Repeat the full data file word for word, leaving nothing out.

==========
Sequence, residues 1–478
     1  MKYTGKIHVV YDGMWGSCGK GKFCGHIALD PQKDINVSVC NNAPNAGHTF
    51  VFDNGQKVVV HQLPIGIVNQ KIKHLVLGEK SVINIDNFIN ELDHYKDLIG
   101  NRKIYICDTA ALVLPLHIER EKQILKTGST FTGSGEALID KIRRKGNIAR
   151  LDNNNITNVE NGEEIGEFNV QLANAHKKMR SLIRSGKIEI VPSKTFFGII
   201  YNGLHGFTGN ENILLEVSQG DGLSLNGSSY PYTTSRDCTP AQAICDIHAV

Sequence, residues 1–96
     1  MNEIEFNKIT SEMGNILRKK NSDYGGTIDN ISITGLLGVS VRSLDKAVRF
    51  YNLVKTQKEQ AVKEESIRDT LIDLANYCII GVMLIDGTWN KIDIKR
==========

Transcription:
Sequence, residues 1–478
     1  MKYTGKIHVV YDGMWGSCGK GKFCGHIALD PQKDINVSVC NNAPNAGHTF
    51  VFDNGQKVVV HQLPIGIVNQ KIKHLVLGEK SVINIDNFIN ELDHYKDLIG
   101  NRKIYICDTA ALVLPLHIER EKQILKTGST FTGSGEALID KIRRKGNIAR
   151  LDNNNITNVE NGEEIGEFNV QLANAHKKMR SLIRSGKIEI VPSKTFFGII
   201  YNGLHGFTGN ENILLEVSQG DGLSLNGSSY PYTTSRDCTP AQAICDIHAV

Sequence, residues 1–96
     1  MNEIEFNKIT SEMGNILRKK NSDYGGTIDN ISITGLLGVS VRSLDKAVRF
    51  YNLVKTQKEQ AVKEESIRDT LIDLANYCII GVMLIDGTWN KIDIKR